Manu Chao, The Forum, London

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It's testimony to the pulling power of Manu Chao that within hours of the announcement of two surprise UK December dates both had sold out.

Not bad for someone who has never had a British No 1 single or album, and whose first language isn't English. But for those in the know, the chance to catch the boundless energy of the Barcelona-based singer live is an opportunity not to be missed.

Bang on 8.30pm Chao's backing band Radio Bemba bound on to the stage. It's a more stripped-down version of the personnel that played in Brixton just under a year ago but the Bemba backbone is thankfully all present and correct, led by Gambit, the larger-than- life bass player cum beat box, and Madjid, axeman extraordinaire.

Taking up positions either side of the stage, each acts as a cheerleader for one half of the audience, goading, strumming, gurning, mouthing the lyrics and generally hyping up the crowd.

All eyes are on Chao, however, as he enters stage left, bounces forward to grab the mic, salutes the crowd and launches into a full power version of "Panik Panik" that grabs you firmly by the cojones and refuses to give up until you are pogoing along. It sets the tempo for the gig. On record, Chao's catchy blend of Spanish guitar, multilingual melodies and Space Invader samples can sometimes wash over you. It's pleasant, foot-tapping, instantly hummable stuff. But live, his impassioned, politic punk-pop is given a new lease of life. The infectious tunes become revolutionary anthems that have the audience dancing and singing along. So what if we don't understand every word of the lyrics? It's the passion of the music that sets the Forum alight, as Chao repeatedly bangs the mic to his bare chest to simulate his beating heart.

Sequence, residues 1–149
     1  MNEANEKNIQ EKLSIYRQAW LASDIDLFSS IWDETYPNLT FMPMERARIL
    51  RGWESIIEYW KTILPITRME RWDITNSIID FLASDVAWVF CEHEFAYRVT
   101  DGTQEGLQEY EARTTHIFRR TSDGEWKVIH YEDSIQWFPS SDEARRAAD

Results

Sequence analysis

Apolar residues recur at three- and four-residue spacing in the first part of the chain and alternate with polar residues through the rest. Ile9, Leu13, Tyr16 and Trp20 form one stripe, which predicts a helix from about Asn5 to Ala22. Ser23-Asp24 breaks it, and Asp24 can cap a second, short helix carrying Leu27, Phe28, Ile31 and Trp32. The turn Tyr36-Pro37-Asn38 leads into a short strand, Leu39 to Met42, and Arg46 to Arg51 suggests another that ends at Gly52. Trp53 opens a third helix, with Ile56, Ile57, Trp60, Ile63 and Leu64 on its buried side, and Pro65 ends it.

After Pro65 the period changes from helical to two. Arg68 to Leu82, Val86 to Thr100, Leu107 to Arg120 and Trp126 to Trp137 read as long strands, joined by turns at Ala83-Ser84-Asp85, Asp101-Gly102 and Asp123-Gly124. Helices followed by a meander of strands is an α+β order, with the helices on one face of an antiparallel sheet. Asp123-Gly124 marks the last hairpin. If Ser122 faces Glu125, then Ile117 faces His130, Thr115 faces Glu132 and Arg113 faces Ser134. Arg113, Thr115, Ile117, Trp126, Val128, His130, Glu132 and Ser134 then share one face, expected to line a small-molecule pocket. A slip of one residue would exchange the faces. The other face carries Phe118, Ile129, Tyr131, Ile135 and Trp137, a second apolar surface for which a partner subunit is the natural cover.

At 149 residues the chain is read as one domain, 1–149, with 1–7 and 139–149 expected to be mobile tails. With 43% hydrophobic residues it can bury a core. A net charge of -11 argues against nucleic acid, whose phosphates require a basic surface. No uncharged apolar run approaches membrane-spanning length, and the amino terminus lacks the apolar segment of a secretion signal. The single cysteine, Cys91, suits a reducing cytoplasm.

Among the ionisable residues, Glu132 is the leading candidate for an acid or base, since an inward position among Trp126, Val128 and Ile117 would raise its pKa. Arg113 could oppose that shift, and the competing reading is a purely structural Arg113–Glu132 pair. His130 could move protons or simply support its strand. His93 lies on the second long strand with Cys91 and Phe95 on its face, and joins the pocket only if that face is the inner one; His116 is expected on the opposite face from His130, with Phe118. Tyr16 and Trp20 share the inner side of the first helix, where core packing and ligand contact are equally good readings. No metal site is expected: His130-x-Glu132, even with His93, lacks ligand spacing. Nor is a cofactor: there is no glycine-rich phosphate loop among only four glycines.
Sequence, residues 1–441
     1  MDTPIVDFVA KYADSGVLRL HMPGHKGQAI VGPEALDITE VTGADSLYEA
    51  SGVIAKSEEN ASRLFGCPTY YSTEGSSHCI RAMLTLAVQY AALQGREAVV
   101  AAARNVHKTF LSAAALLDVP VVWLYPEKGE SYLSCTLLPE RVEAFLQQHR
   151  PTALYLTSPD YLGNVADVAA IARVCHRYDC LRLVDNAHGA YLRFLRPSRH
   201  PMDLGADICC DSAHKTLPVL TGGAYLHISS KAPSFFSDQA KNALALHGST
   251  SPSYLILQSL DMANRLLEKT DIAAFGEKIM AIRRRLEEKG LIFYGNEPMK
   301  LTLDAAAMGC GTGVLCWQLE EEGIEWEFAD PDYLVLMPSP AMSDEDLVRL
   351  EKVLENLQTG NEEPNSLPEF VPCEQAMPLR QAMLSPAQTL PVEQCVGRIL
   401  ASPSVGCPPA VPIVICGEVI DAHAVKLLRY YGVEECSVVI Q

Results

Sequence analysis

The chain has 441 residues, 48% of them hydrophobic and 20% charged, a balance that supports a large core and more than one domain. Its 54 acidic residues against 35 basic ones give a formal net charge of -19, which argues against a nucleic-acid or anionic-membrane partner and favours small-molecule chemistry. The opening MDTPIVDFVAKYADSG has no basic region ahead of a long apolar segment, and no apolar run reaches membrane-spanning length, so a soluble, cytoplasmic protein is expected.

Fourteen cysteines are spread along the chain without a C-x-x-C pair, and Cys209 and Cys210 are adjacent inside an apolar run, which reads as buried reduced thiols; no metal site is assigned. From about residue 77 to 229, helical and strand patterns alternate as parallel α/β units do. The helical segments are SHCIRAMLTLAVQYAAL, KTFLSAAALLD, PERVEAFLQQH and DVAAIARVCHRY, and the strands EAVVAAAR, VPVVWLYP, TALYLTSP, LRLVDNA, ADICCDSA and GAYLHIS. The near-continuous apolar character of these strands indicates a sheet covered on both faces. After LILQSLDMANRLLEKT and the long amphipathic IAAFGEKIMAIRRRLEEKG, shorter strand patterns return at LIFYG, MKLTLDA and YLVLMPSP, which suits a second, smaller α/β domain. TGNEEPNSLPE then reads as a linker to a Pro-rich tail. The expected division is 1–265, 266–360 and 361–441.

Tracks from Clandestino, Proxima Estación: Esperanza and last year's La Radiolina effortlessly blend into each other. The reggae bass of "Mr Bobby" has the crowd skanking away. A rockier version of "Politick Kills" is bookended by the Radio Bemba chorus before morphing into a version of "Welcome to Tijuana".

When Madjid swaps his electric guitar for a Spanish one and the opening bars of "Clandestino" that define the Manu Chao sound ring out, the crowd goes even wilder. A trinity of tracks from his first album is completed with "Desaparecido" and "Mentira" before a gutsy version of "Raining in Paradize" from La Radiolina brings things bang up to date. With two encores and a non-stop set that lasts almost two hours, Chao and co certainly deliver.